Liverpool thrashed Arsenal at Anfield earlier this season and will therefore be hopeful of getting their Christmas period off to a good start when the two teams meet again at the Emirates on Friday (19:45 GMT, live on Sky Sports).
Arsene Wenger was openly critical of his players following that 4-0 defeat in August, saying that they were not physically, technically or mentally at the right level to compete with a Liverpool side who ripped through them at ease and scored twice in each half to take victory.
It was a crushing defeat and one that raised fresh questions over the club’s decision to extend Wenger’s contract for a further two seasons at the end of the previous campaign. Many felt that Arsenal’s failure to finish in the top four for the first time in 21 seasons had provided ample excuse to part ways with the long-reigning Frenchman, but he continued nevertheless.
The result has been an Arsenal side who again look equipped to hang onto the back of the top four and compete for such a finish over the course of the campaign but who still look unlikely to take a step forward to again challenge for the league title – a prize they last won back in 2004. The Europa League, FA Cup and Carabao Cup, the last mentioned of whose last four they reached with a 1-0 win over West Ham on Tuesday, will provide opportunities for silverware.
Familiar frailties persist, the most striking of which is Arsenal’s inability to manage away matches. In nine road games so far this season, they have taken just nine points. That is comfortably the worst record among the realistic top-four challengers. In both attack and in defence, they perform significantly worse away from the Emirates.
The Gunners have some very talented players, particularly in forward areas, and they seem to have found a more successful formula on home soil. There, Arsenal have the third-best record in the Premier League, with eight wins and one defeat in nine matches.
That will, though, be balanced on Friday by just how good Liverpool’s recent away form has been. Their 4-0 win at Bournemouth last weekend saw them become the first team in top-flight history to win four consecutive away matches by a margin of three or more goals. West Ham (4-1), Stoke (3-0) and Brighton (5-1) were the previous victims.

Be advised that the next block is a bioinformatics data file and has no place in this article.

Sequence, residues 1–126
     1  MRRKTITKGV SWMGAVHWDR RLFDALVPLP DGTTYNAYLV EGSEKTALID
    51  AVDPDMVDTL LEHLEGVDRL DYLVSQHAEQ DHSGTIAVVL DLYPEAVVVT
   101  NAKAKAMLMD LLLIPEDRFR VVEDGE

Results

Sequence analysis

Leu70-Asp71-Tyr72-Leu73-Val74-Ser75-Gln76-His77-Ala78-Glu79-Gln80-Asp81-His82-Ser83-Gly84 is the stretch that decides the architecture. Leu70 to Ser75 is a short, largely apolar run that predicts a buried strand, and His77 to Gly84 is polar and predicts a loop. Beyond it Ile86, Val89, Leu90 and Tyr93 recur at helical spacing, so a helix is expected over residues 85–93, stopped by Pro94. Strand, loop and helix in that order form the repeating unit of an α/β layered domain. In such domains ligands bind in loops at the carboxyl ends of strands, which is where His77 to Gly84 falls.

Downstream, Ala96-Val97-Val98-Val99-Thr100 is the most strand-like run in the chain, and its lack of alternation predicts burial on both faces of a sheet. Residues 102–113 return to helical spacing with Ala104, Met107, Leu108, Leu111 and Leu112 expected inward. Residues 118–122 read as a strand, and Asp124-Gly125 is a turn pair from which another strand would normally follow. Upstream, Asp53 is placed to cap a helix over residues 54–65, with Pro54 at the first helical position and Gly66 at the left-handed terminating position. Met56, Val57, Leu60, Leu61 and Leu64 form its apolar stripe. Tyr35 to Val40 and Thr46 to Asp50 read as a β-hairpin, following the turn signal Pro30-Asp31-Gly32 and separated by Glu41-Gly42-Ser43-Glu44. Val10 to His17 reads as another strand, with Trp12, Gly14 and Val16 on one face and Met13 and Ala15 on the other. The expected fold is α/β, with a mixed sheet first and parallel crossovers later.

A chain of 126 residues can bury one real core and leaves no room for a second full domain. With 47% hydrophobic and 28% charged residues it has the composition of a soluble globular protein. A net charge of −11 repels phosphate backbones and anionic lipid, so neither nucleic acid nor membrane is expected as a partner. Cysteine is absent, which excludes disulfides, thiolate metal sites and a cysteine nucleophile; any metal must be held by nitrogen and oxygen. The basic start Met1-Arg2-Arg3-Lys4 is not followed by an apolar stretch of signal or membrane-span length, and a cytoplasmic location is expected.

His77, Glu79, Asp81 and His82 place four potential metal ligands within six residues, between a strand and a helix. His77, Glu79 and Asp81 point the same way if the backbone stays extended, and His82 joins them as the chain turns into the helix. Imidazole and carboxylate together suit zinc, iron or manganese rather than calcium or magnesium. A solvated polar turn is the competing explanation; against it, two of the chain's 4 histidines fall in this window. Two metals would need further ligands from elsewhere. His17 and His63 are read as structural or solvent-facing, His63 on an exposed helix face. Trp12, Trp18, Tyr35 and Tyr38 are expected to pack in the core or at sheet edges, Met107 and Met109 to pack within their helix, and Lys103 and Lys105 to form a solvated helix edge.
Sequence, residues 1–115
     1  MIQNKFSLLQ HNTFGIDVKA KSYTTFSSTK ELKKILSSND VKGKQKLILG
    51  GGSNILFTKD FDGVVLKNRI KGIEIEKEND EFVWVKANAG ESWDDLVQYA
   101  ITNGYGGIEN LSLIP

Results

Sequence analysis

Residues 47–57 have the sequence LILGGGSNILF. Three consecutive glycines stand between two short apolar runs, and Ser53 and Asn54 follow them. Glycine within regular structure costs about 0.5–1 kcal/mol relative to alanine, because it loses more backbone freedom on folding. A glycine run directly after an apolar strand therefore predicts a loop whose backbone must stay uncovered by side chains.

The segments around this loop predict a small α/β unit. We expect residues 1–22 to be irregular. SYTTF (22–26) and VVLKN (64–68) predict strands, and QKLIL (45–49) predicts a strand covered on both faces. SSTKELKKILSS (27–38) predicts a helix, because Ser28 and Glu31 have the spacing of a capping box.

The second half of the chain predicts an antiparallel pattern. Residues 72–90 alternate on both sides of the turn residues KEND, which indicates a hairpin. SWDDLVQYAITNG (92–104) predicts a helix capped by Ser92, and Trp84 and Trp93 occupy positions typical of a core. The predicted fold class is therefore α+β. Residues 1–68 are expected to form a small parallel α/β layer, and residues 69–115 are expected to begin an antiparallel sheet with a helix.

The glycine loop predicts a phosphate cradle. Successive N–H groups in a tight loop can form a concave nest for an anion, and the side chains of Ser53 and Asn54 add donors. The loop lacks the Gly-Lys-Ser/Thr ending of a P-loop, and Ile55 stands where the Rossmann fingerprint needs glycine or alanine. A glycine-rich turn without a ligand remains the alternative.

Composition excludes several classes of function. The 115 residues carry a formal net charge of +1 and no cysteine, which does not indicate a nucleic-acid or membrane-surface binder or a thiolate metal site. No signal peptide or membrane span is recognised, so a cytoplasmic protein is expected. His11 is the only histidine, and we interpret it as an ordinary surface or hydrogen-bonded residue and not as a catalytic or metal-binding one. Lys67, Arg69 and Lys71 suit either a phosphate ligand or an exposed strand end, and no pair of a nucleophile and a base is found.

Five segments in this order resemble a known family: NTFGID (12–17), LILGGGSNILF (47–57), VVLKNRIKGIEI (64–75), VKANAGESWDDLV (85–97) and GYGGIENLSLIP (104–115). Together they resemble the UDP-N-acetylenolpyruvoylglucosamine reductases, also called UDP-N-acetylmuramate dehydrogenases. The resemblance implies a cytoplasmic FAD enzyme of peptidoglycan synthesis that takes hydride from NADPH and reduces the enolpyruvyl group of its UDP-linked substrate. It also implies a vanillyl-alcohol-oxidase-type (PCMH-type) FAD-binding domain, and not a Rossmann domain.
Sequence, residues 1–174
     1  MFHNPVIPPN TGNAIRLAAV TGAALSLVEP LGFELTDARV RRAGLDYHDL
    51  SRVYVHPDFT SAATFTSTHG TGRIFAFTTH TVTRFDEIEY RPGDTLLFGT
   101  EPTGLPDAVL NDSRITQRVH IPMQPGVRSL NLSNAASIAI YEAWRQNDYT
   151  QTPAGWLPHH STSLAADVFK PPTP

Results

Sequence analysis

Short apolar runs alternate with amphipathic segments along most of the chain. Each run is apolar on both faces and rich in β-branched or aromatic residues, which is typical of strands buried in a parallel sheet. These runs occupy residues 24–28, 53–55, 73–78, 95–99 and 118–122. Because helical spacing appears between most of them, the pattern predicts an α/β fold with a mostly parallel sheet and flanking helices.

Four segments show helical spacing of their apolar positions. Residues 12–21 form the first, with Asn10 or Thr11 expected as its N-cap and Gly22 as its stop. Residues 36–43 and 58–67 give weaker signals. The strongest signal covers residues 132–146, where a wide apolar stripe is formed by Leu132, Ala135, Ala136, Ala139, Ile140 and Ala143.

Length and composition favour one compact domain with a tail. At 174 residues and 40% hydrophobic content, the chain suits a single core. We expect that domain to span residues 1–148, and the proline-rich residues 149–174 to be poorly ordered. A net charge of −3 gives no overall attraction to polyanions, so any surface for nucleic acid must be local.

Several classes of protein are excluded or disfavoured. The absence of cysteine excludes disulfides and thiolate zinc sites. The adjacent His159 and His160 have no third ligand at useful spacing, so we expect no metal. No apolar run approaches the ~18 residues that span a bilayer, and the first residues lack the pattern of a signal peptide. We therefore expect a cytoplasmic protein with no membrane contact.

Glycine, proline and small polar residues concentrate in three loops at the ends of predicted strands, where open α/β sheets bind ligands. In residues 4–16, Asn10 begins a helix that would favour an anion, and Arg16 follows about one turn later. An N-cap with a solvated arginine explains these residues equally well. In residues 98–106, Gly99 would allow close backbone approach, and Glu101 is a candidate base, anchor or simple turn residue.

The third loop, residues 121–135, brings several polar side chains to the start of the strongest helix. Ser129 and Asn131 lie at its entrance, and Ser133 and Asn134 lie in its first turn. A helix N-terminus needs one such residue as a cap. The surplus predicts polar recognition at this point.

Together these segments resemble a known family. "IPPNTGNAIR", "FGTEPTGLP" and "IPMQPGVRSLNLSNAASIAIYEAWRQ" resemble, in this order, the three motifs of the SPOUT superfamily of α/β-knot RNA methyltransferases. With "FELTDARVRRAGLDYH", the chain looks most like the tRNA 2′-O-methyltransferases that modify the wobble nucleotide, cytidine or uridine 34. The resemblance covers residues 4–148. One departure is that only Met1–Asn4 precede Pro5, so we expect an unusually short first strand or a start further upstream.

It wasn’t the hardest run of games, as illustrated by the fact that all four teams are currently within just three points of the bottom three, but the manner in which Liverpool brushed their opponents aside provided further evidence of the strength of their attack. The Reds are one of only three teams to have averaged over two goals per match so far this season.
Mohamed Salah has played a key role in that. The Egyptian international is the current Premier League top scorer, with 14 goals in 18 appearances. His pace and power has added another dimension to an already impressive forward line. With Philippe Coutinho in excellent form and Sadio Mane and Roberto Firmino likewise, Liverpool offer a potent and varied threat.
The problem is that opponents have started to take strong precautionary measures, particularly away at Anfield. Liverpool probably created enough chances to down both Everton and West Bromwich Albion in recent draws, 1-1 and 0-0 respectively, but they certainly found them more difficult to break down than most of their road opponents. The more open the opposition, the more space the rapid Liverpool attack have to exploit.
Indeed, Arsenal’s willingness to try and play their normal game probably contributed to their thrashing in the first fixture between the teams. Even on home soil, the Gunners took a more cautious initial approach against Tottenham Hotspur in the North London derby last month and they can be expected to similarly modify their game-plan on Friday. They, too, are capable of springing forth quickly in transition with an in-form front three.
This is, then, poised to be interesting cat and mouse encounter and certainly a more even affair than the match at Anfield. Things are likely to open up as game progresses but a draw still looks the most likely result.